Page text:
It is no secret that Oli and his Nepal Communist Party lean towards China. Oli’s history of engagement with India has always been strained. Things looked good for a while after Oli attended the March 15 virtual SAARC summit called by Prime Minister Narendra Modi on Covid-19. The summit was held barely days after Oli’s second kidney transplant. But his domestic political situation unravelled in May, and India provided the needed deflection. “He is a master at playing the ultranationalist card against India,” says Mehta.

India, however, has allowed Oli to get away, largely because of its habit of taking Nepal for granted. “This is not the Nepal of the 1970s, when the country’s elite were educated in India and the rest of the country had no access to communication. Today’s Nepal is well informed and exposed to the world,” says Lama. Nepal hasn’t forgotten being pulled up by India over its new constitution in 2015.

Bhiku Bahadur Thapa, the Nepal coordinator of the EPG, says India needs to understand its sensitivities. The EPG report, was finalised in mid-2018, but Modi has not yet given the group an appointment. “It was agreed that border talks would happen at the foreign secretary level, but the foreign secretary, too, has not given time,” says Thapa. India saying talks will happen after tackling the pandemic made Nepal feel slighted, given India’s overreach elsewhere in virtual diplomacy.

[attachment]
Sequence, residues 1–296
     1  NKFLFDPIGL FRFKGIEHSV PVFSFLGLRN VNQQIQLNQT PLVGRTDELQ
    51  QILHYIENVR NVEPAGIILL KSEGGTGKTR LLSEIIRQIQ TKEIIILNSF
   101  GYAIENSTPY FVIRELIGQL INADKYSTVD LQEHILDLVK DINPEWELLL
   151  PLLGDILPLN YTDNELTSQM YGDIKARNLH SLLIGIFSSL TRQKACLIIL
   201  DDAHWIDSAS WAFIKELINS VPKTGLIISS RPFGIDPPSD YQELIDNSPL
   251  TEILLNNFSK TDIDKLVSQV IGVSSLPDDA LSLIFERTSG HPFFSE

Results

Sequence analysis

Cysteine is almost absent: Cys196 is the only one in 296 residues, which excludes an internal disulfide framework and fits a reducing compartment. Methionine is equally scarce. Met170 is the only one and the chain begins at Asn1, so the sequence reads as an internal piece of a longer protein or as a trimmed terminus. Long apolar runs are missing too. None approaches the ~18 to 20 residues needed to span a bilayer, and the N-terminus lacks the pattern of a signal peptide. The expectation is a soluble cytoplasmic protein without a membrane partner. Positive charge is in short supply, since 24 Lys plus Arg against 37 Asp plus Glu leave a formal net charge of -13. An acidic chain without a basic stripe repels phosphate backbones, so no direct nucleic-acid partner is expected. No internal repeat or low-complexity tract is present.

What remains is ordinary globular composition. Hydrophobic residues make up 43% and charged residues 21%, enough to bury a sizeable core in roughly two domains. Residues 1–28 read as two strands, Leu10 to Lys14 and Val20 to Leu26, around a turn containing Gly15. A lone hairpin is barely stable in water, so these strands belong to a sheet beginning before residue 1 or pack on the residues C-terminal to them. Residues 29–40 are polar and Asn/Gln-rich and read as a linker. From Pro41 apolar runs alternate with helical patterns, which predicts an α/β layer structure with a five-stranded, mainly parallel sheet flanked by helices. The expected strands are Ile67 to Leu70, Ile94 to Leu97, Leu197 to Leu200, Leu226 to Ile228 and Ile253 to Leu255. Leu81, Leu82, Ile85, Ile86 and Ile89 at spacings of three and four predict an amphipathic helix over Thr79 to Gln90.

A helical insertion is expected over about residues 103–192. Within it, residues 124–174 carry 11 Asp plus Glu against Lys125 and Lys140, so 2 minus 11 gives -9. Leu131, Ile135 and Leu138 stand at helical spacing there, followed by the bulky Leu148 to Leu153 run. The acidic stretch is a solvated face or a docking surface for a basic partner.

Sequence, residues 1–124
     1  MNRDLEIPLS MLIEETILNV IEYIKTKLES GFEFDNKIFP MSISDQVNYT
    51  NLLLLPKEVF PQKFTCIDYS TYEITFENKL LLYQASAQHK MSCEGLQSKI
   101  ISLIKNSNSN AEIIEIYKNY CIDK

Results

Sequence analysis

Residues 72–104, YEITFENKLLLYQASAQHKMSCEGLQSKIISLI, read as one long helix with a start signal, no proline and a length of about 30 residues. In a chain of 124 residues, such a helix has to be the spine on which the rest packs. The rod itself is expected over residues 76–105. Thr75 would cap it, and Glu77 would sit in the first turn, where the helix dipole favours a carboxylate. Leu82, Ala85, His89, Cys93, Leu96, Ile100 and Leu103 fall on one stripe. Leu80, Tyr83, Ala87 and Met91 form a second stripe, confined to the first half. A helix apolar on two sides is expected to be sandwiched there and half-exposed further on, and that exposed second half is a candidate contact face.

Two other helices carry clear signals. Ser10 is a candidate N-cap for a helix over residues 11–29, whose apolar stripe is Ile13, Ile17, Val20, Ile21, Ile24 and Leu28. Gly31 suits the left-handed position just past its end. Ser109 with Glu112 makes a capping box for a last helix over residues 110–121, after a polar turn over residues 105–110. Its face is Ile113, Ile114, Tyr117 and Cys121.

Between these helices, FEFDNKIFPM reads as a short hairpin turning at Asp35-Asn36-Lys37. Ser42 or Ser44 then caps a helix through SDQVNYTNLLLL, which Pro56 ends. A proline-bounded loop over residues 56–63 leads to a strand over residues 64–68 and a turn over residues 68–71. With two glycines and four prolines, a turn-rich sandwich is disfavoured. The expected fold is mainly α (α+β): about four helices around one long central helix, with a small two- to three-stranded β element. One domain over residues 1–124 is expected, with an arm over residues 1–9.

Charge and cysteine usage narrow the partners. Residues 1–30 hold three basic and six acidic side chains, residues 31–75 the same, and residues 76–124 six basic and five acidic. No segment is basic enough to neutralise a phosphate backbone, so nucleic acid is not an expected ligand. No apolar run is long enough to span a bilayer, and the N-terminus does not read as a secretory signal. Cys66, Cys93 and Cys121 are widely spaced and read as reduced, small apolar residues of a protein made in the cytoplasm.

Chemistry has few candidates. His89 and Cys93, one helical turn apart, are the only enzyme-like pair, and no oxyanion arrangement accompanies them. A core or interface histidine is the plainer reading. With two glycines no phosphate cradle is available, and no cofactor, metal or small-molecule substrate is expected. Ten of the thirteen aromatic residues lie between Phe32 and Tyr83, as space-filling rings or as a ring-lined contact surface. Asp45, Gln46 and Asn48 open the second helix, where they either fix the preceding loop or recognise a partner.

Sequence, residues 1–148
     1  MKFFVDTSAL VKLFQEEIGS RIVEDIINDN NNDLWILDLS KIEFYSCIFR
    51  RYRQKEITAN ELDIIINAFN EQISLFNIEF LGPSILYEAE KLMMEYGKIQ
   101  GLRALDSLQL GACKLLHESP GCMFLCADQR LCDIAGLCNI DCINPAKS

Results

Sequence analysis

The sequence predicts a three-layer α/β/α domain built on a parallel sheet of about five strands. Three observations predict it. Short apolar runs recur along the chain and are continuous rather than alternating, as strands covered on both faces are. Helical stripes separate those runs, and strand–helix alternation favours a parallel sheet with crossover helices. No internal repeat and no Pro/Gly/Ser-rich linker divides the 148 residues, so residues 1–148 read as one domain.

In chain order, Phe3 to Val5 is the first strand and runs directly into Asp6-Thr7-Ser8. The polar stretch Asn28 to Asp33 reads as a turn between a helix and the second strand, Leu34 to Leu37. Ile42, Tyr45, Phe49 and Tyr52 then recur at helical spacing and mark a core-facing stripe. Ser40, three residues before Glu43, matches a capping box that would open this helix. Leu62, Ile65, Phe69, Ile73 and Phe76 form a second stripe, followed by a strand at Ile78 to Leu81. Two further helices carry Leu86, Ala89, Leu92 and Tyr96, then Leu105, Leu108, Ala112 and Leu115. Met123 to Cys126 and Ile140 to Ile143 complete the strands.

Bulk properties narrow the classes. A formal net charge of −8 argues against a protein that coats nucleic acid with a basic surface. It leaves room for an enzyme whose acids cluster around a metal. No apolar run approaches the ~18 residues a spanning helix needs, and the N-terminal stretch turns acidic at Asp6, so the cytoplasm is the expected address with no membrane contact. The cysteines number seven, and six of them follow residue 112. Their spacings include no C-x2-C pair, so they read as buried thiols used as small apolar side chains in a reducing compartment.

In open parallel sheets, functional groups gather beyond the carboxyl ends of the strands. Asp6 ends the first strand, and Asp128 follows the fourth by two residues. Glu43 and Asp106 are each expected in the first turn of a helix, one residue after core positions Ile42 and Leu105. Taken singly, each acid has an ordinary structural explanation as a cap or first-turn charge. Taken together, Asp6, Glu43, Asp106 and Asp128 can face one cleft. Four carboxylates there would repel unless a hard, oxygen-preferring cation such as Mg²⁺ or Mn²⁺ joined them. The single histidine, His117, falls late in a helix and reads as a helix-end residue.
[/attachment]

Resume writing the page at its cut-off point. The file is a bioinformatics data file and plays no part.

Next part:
“The border issue is not such a big one, but when we have been telling India about the Kalapani issue since November, wouldn’t some consultation have been appropriate announcing a new road through the territory? Not just in parliament, civil society also feels slighted regularly by India,” says Deep Kumar Upadhyay, former Nepal envoy to India.

“Prolonging this dispute is bad for both of us, we have to lower temperatures,’’ says Thapa. India could make a gesture with receiving the EPG report, says Lama. “It does not have to be implemented; simply receiving it would be graceful, it was prepared at the behest of Modi and Oli.’’

India could also tackle the issue of Indian currency in Nepal that was rendered useless after the demonetisation drive of 2016. Importantly, India needs to understand that China’s growing influence in the Himalayan nation is to its detriment.

“We need a gesture from India, that it is willing for dialogue,” says Upadhyay. India had said Nepal needed to create the right environment for dialogue. Now that Nepal has toned down its map rhetoric, India is carefully monitoring the larger debate in Nepal on the issue. Boundary issues, says India, are sensitive by nature and need trust to be resolved to mutual satisfaction.

India resolved a much trickier boundary issue with Bangladesh some years ago, gracefully ceding 80 percent of the disputed 25,000 hectares in a complex delta landscape. Will India and Nepal let a rivulet jeopardise a unique relationship?